Why are Korean dramas so beloved in Bangladesh? | The Daily Star
12:00 AM, November 14, 2020 / LAST MODIFIED: 01:41 AM, November 14, 2020

Why are Korean dramas so beloved in Bangladesh?

Korean dramas, popularly known as K-dramas, are taking the world by storm, and audiences here in Bangladesh are not immune to the allure. For years, aside from home-grown tele-fictions and movies, most Bangladeshis have adored American TV shows and Indian serials as their source of entertainment.

But with the boom of the Hallyu Wave, which refers to the global popularity of South Korea's cultural economy exporting pop culture, entertainment, music, TV shows and movies, and the easy access to Netflix, the young generation of Bangladesh is getting more and more invested in K-dramas. Despite the name, not every K-drama is a dramatic show, though many of them have suspenseful elements to keep viewers intrigued.

When I asked my fellow Bangladeshi K-drama fans about the reason they were drawn to the genre and why they fell in love with it in the first place, most of them said they got introduced to this form of entertainment through their friends and family and instantly fell in love with the intense and heart wrenching plots, the relatable family and friendship dynamics, the catchy songs, and most of all, the talented actors. K-dramas often have specific scenes of "fan-service", which are included specifically for the fans to swoon and squeal over, where a male actor might be showing off his physique or the female protagonist may be beating up the bad guys, breaking gender stereotypes. These shows usually have 16 to 20 episodes, jam-packed with plot twists and shocking reveals. They are easy to binge watch in a day or two, which leaves viewers craving for more. 

Personally, I love K-dramas that have unique plots, such as "Extraordinary You", in which the characters are actually part of a comic book, or "Save Me", in which the heroine is forced to become a part of a pseudo-religious cult. I also love stories which are somewhat out of the norm, containing impactful and important messages, like "It's Okay to Not Be Okay", which breaks the stereotypes behind various mental illnesses and shows how people really deal with mental health issues, or "Extracurricular", which tells the story of a student who masterminds a risky side hustle that no one knows about.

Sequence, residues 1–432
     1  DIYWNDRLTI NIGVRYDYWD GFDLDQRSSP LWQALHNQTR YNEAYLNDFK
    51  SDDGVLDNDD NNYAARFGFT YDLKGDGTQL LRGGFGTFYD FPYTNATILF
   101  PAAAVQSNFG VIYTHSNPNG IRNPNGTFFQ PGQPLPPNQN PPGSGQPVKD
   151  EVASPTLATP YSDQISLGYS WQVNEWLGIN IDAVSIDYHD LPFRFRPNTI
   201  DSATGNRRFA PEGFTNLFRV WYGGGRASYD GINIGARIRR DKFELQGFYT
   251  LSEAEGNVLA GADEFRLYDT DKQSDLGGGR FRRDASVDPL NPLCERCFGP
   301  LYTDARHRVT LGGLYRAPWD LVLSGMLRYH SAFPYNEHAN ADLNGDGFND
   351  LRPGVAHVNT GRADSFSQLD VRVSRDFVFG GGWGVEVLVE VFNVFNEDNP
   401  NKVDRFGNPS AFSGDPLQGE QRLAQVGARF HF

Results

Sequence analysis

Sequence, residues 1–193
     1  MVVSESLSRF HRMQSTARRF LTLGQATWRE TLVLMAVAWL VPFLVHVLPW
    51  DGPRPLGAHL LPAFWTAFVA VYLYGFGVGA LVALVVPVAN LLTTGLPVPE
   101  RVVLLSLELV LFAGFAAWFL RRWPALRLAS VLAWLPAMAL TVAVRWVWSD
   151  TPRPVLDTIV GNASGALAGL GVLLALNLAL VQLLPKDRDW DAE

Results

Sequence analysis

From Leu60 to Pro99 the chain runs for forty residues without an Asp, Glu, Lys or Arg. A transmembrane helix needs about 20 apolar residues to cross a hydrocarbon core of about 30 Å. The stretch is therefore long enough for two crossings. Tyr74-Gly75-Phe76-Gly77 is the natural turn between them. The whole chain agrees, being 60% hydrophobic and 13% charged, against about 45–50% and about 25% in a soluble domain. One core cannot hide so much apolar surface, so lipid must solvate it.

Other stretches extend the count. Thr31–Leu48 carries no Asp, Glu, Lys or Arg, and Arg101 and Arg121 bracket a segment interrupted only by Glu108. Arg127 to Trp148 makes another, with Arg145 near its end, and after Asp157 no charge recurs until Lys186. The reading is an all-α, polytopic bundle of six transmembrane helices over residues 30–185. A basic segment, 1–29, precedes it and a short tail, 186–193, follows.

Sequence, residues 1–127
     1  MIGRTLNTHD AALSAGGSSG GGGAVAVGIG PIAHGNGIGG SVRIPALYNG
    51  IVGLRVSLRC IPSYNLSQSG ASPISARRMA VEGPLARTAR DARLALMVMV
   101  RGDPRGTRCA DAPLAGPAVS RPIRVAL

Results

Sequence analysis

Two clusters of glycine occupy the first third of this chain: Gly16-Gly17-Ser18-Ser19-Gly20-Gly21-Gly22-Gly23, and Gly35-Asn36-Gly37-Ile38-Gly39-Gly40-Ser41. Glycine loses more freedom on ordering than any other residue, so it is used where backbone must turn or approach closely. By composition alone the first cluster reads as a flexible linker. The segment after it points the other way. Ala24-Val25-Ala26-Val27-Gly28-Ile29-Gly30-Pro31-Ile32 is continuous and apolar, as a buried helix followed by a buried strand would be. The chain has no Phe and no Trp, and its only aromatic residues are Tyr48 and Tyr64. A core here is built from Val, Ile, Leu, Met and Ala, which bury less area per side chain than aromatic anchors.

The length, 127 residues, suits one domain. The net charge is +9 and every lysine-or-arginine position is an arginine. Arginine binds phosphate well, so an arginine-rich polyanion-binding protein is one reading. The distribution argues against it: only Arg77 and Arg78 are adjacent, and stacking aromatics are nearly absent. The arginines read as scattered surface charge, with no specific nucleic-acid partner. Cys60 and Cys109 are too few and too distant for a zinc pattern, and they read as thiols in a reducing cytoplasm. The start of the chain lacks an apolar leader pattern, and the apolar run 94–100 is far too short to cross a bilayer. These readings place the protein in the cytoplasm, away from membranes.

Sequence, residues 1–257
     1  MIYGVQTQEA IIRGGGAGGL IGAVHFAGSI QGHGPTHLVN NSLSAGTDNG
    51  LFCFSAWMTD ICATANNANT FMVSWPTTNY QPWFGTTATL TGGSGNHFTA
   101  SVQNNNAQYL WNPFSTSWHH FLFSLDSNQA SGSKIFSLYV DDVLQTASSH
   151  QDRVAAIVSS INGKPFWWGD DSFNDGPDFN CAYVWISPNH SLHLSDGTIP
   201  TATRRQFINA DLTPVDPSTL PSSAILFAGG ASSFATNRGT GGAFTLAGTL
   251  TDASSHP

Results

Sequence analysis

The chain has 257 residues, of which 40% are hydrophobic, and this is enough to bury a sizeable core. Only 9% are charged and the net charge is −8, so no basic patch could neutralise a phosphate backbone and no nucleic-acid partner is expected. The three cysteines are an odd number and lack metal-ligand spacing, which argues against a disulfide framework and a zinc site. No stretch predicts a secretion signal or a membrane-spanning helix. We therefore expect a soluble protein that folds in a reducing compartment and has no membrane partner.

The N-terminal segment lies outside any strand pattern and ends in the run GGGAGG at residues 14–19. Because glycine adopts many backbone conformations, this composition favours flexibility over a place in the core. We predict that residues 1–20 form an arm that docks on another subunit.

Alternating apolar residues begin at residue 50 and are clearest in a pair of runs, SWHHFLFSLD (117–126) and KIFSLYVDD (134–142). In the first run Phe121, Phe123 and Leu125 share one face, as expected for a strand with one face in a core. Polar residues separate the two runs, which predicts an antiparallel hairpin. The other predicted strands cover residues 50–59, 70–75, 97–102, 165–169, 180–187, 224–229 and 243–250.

If action-based shows are not your comfort zone, you can try some slice-of-life shows like "Record of Youth" or "Be Melodramatic."  Or you might like the light-hearted romance with sprinkles of comedy in shows like "Strong Woman Do Bong Soon", "Cinderella and the Four Knights", "What's Wrong with Secretary Kim" or "School 2015." Period dramas like "Hwarang" and "Moon Lovers" are also great.

Even when the dramas are set in completely unrealistic worlds or have fantasy plots like "W-Two Worlds Apart" or "Goblin - The Great and Lonely God", the characters go through the journey in such a realistic manner that viewers cannot help but relate to them. The tension is built up so expertly that it is very emotionally resonant when the main couple finally only hold hands halfway through the series.  For audiences in Bangladesh, it is more relatable to see a show about family conflicts and college romances than some of the more unrealistic scenarios often shown on Western television.

With the growing number of K-drama fans in Bangladesh, more and more Facebook groups are popping up, giving them a platform to share their love of the shows with fellow K-drama enthusiasts and take part in events and activities hosted by the groups. One of the largest Bangladeshi K-Drama groups, BD K-Family, arranges a yearly get together for its members. Other popular Facebook K-Drama groups include K-Drama Archive BD, Korean Lovers Bangladesh, and BD Korean Drama Fam- all of which create opportunities for both local and international fans to participate in discussions about their favourite shows. 

Whether you are completely new to the world of K-dramas, or a total expert, it is a good time to start watching all these titles which are available to stream on Netflix (with English subtitles), with more and shows being added every day. 

Sara Kabir studies English Literature in North South University. She is often found raving about her favourite books, songs and movies. Find her at @scarletfangirl on Instagram.


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